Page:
Spent Nuclear Fuel: A Trash Heap Deadly for 250,000 Years or a Renewable Energy Source?

This article is dated 2009. I wonder if much has changed since it was written. Click here to read the full article or an excerpt below.


This involves immersing the radioactive used rods in helium or some other inert gas and slotting them into a steel container that is further encased in a concrete cask—at a cost of roughly $1 million per cask. The encased rods still manage to emit roughly one millirem of radiation per hour and heat the outside of the 100-plus ton concrete casing to as much as 90 degrees Fahrenheit (32 degrees Celsius).

“These are placed in rows on a concrete pad for stability. They’re essentially out in the air,” says NRC’s McIntyre. “Generally, they are putting them within the controlled area of the reactor site so they are protected under the physical security of the plant.”

Some 9,000 metric tons of spent fuel rods are already stored encased in some 900 such casks—the bulk of them stored vertically in concrete casks but some placed horizontally into concrete bunkers. Their makers—companies like New Jersey-based Holtec International and AREVA’s Transnuclear, Inc.—and the NRC maintain that such dry cask storage will last for at least a century, if not longer. “They’ve had an excellent safety record over the past 22 years they’ve been in use,” McIntyre says. “All signs are that they are safe and secure.”

The other nuclear waste
The U.S. produces as much as 160,000 cubic feet (4,530 cubic meters) of radioactive material from its nuclear power plants annually—a number that spikes higher dramatically when old nuclear plants are decommissioned, such as Maine Yankee in Wiscasset, Me., in 1997. Ranging from workers’ coveralls to water filters, some of this stream of nuclear waste no longer has a place for its disposal either—particularly the highly radioactive materials rated as classes B and C, such as reactor vessel heads. “That stuff has only one place it can go,” says Ralph Andersen, chief health physicist at NEI, “a deep geologic repository,” like Yucca Mountain.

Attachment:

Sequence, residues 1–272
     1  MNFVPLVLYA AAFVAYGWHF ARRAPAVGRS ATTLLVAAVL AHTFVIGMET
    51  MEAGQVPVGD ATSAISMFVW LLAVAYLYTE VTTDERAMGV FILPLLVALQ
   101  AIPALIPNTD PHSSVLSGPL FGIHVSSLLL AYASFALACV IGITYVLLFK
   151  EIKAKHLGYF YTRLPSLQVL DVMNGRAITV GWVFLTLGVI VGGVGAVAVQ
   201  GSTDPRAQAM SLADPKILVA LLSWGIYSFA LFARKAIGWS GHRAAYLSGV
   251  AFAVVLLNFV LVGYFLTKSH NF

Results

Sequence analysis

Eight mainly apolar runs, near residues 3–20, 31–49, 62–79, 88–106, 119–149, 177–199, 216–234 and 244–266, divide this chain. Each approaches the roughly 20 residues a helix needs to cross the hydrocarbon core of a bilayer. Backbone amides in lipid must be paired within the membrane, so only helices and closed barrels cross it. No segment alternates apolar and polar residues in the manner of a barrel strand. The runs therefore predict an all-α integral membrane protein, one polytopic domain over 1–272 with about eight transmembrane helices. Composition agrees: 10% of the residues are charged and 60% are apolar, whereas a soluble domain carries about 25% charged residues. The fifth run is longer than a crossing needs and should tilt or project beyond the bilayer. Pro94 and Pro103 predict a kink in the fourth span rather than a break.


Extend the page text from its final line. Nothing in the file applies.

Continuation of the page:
The national nuclear dump in Barnwell, S.C., was closed to shipments of such waste from nuclear power plants in 36 states in July 2008. A new dump in Texas, granted a license by the state this month, will only accept low-level leavings from that state and Vermont, alongside similarly restricted dumps in Utah and Washington State. This has also left users of nuclear products such as hospitals and universities scrambling to find a place to dispose of their radioactive residue.

So now the waste from the majority of reactors on the east coast and Midwest typically sits alongside the spent nuclear fuel in dry casks on-site. In terms of safety, it’s the best that can be done at present.


Arctic stronghold of world’s seeds flooded after permafrost melts

The Svalbard ‘doomsday’ seed vault was “suppose to last for eternity.” I have yet to see where the best laid plans made by humans haven’t eventually failed because Mother Nature always wins. Click here to read the full article.


The Svalbard ‘doomsday’ seed vault was built to protect millions of food crops from climate change, wars and natural disasters


“A lot of water went into the start of the tunnel and then it froze to ice, so it was like a glacier when you went in,” she told the Guardian. Fortunately, the meltwater did not reach the vault itself, the ice has been hacked out, and the precious seeds remain safe for now at the required storage temperature of -18C.

But the breach has questioned the ability of the vault to survive as a lifeline for humanity if catastrophe strikes. “It was supposed to [operate] without the help of humans, but now we are watching the seed vault 24 hours a day,” Aschim said. “We must see what we can do to minimise all the risks and make sure the seed bank can take care of itself.”



How Swedes and Norwegians Broke the Power of the ‘1 Percent’

Do we need this in Canada or any of the provinces? Click here to read the full article or the pdf file to learn more.